TCGA database analysis of RCC

To investigate the clinical significance of miRNAs and candidate target genes, we used TCGA cohort data based on RNA sequencing. Gene expression and clinical data were obtained from cBioportal and OncoLnc datasets (downloaded on November 15th, 2017).

Statistical analysis methods

To analyze the relationships between two groups and the numerical values, we performed Mann-Whitney U-tests and paired t-tests. Spearman's rank test was performed to evaluate the correlation between the two groups. Relationships among more than three variables and numerical values were analyzed using Bonferroni-adjusted Mann-Whitney U-tests. Disease-free and overall survival were analyzed using the Kaplan–Meier method, and multivariable Cox hazard regression analyses with JMP software (version 13; SAS Institute Inc., Cary, NC, USA). Other analyses were performed using Expert StatView (version 5; SAS Institute Inc.).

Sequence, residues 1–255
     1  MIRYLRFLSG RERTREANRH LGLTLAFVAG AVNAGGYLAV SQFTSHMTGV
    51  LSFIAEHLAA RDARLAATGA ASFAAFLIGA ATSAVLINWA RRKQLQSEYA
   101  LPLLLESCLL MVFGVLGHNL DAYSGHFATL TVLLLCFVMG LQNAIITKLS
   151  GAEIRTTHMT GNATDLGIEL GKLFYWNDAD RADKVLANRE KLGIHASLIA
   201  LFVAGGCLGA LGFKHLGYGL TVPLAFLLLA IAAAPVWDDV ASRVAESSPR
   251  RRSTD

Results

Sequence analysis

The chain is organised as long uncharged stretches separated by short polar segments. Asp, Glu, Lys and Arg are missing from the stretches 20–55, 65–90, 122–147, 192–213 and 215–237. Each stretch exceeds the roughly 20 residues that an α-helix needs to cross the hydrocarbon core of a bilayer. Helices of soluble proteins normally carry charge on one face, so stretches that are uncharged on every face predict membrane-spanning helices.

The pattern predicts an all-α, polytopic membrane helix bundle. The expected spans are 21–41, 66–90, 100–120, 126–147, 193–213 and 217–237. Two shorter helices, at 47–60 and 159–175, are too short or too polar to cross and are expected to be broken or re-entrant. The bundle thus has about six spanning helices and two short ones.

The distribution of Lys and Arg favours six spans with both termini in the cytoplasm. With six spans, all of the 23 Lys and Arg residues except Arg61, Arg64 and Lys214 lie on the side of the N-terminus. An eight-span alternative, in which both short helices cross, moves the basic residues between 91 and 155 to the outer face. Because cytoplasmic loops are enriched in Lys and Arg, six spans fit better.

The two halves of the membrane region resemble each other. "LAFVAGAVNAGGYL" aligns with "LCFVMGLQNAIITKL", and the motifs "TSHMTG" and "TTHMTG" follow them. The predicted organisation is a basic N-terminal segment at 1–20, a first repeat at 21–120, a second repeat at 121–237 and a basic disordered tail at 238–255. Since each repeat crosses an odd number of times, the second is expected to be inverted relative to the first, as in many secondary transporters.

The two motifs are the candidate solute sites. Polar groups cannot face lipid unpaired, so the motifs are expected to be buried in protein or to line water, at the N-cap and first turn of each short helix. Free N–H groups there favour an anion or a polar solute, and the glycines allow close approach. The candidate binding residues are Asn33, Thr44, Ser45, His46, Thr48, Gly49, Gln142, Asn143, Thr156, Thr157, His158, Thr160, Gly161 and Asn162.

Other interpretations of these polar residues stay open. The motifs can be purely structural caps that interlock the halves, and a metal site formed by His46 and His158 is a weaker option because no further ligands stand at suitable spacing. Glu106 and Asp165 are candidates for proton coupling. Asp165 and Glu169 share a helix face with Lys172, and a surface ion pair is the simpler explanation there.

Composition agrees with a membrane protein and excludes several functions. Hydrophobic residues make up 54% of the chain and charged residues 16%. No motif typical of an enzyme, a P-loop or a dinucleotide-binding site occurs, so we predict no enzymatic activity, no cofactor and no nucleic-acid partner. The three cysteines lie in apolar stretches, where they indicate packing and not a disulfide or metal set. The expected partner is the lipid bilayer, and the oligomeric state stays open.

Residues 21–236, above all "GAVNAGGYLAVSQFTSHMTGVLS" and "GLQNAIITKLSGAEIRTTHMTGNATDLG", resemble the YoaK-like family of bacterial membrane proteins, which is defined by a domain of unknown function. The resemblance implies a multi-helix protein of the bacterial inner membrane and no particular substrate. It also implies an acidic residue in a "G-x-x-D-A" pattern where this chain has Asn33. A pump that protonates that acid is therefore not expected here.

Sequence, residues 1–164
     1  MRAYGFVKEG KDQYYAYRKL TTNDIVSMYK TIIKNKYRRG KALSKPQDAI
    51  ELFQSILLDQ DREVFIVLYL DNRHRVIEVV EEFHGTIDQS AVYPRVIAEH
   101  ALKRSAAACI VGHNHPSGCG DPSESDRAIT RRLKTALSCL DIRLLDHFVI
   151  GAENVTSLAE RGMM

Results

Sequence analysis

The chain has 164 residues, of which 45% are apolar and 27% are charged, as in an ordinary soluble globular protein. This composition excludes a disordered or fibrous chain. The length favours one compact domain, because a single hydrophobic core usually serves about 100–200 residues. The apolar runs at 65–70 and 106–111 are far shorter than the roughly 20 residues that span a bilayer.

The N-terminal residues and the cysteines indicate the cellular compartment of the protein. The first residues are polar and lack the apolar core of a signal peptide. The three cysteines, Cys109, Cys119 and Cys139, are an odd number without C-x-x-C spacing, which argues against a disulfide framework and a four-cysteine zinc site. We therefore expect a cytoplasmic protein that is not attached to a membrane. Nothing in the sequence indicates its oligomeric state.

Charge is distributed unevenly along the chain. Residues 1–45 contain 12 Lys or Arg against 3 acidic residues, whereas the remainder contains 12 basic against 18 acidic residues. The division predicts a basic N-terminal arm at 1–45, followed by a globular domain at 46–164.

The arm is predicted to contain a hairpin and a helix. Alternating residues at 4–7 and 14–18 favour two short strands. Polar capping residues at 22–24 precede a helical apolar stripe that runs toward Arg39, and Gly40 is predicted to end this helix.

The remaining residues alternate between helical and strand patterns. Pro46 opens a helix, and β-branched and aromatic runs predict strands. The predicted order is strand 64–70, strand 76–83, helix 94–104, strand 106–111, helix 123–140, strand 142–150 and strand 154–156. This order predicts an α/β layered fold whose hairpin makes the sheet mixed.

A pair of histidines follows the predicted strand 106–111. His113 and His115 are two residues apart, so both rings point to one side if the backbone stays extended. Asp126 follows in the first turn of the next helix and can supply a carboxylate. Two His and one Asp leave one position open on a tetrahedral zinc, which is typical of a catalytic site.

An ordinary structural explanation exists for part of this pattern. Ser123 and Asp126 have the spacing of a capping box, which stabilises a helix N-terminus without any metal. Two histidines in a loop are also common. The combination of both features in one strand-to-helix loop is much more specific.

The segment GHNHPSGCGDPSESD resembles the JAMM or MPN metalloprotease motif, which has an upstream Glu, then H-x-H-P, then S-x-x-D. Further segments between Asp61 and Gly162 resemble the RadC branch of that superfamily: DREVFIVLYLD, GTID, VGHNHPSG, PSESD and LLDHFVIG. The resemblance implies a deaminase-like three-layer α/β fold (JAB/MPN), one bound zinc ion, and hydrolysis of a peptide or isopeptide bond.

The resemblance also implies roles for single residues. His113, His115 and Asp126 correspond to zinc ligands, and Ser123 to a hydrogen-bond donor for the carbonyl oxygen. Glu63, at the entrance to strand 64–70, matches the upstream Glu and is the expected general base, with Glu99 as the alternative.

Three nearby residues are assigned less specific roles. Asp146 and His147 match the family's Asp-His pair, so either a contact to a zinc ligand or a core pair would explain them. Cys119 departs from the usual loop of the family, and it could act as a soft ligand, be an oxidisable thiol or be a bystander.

ACKNOWLEDGMENTS

The present study was supported by KAKENHI grants 16K20125, 17K11160, 16H05462 and 15K10801.

CONFLICTS OF INTEREST

The authors declare no conflicts of interest.